MIAMI -- It's finally time for the first week of the regular season. The time for speculation is over. The games count and we will start to separate the contenders from the pretenders in the NFL.
With that in mind, let’s open the Miami Dolphins mailbag and turn the page to the regular season.
Tom_Shenk via Twitter writes: Who's your pick for a guy who really breaks out this year on the team?
James Walker: My pick would be running back Lamar Miller, but only if he stays healthy. I like Miller as a pure runner. But he needs to work on other parts of his game such as pass blocking and receiving out of the backfield. Those are things that kept him off the field last year as a rookie. There’s a lot more to being a starting tailback than just running the ball. Miller now realizes that and put in a lot of work this offseason on secondary things. But I have no worries about Miller with the ball in his hands.
Rorywhiggs via Twitter writes: What are your thoughts on the RG position?
Walker: John Jerry is the player the Dolphins are hoping gets back to full strength. Jerry is working his way back from a knee injury. He played in the final two preseason games in order to work his way back into football shape. Jerry is not a star, but he’s the best option as the starter. He has a lot of size and is hard to move.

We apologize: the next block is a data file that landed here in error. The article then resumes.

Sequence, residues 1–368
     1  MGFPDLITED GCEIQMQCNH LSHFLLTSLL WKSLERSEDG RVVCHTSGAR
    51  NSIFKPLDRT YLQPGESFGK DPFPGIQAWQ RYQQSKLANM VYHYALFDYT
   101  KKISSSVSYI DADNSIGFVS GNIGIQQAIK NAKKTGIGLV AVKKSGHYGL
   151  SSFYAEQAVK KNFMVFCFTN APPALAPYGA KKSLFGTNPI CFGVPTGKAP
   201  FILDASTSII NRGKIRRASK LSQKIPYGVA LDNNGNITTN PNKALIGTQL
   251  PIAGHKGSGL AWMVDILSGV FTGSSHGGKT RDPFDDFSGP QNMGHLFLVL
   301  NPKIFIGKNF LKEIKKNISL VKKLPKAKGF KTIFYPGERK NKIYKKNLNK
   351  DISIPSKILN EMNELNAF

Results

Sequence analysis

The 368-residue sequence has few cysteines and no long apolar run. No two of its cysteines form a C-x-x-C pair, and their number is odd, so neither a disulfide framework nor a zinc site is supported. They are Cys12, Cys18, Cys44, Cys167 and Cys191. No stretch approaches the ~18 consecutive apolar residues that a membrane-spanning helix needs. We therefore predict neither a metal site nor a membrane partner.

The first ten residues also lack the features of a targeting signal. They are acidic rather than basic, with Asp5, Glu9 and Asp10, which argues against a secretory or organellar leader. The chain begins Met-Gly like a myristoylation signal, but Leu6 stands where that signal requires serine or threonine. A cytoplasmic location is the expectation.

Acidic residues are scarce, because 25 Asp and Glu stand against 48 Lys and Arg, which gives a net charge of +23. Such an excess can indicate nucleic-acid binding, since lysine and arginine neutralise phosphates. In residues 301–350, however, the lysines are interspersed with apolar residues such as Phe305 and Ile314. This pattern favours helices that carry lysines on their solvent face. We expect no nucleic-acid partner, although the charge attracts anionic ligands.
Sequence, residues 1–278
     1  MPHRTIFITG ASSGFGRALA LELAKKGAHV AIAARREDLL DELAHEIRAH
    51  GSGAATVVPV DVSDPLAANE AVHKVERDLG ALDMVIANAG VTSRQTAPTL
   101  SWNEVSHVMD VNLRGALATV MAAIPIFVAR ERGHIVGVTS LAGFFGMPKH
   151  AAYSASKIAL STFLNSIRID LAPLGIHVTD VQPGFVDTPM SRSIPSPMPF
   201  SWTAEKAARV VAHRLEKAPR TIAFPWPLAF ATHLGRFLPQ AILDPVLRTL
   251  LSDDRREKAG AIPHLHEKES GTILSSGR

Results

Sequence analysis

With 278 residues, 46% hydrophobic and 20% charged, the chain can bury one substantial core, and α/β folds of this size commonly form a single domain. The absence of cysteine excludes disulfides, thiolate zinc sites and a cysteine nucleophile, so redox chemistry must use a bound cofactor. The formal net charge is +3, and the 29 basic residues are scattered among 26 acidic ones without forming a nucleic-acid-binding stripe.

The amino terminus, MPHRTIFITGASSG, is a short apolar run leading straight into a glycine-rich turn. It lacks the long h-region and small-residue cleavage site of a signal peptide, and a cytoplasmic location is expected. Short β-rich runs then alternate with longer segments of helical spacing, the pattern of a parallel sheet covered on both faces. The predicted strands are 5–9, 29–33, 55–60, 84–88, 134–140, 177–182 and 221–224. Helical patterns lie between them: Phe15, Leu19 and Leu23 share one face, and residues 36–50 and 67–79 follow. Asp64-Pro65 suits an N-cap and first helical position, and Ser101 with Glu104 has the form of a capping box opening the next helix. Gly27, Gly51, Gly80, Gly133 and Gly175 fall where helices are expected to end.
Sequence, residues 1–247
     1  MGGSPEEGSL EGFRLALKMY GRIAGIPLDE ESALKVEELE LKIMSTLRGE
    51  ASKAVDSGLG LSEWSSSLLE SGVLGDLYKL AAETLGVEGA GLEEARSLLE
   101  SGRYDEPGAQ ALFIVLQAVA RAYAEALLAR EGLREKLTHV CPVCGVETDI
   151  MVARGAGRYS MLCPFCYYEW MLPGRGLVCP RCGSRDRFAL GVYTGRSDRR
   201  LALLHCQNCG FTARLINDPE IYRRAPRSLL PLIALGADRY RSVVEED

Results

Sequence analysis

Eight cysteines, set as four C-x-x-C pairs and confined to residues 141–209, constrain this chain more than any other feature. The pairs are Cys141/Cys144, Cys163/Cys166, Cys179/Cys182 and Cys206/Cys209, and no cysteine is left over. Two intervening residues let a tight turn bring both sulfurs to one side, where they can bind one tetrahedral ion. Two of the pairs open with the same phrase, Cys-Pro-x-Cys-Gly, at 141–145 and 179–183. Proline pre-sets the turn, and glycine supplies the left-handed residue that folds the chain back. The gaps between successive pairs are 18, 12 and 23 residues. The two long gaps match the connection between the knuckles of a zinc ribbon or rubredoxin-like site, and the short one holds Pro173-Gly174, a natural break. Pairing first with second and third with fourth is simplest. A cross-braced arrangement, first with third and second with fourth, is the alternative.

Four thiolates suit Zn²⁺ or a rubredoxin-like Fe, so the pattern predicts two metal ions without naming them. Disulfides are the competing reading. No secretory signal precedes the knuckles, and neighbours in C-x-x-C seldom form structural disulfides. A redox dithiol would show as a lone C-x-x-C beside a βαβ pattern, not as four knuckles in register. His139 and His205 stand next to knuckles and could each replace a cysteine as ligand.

Lawrence Hoganson from Colorado Springs, CO, writes: Mr. Walker, since each team now has their own beat writer, will there still be the “Sanchez(Smith)/Tannehill/Kolb(Manuel) Watch” as in years of old?
Walker: It was fun while it lasted, Lawrence. But after two years, I think that post has run its course. Besides, it’s already clear that Miami’s Ryan Tannehill is the second-best quarterback in the AFC East. I don’t think that’s up for debate right now.
Chris Hutchins from Miami writes: While there's some truth to hits to the head argument, from what I keep hearing from football media, the head now stretches down to the thigh. Therefore, hit the knees. I can't believe defensive players in the NFL don't have the ability to hit from thigh to chest/midsection.
Walker: It sounds easy when you’re sitting on the coach and watching the NFL on television, Chris. But in reality the game is so fast that it’s hard for defensive players to make the perfect tackle, which is what you’re requiring if they can’t go high or hit low. Players at all levels are taught to drive their shoulders into the torso and finish. But with offensive players moving, juking, jumping, spinning, ducking, etc., what percentage of tackles happen that way? It’s not easy to always make a perfect tackle. If hitting high is already prohibited, going low is a natural option.